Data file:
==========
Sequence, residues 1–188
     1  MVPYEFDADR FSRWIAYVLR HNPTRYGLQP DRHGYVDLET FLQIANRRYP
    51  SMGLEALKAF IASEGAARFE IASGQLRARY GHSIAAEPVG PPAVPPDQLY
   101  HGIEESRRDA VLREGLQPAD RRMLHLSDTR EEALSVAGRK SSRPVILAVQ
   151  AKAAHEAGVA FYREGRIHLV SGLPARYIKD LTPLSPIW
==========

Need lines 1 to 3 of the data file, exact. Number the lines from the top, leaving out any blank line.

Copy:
Sequence, residues 1–188
     1  MVPYEFDADR FSRWIAYVLR HNPTRYGLQP DRHGYVDLET FLQIANRRYP
    51  SMGLEALKAF IASEGAARFE IASGQLRARY GHSIAAEPVG PPAVPPDQLY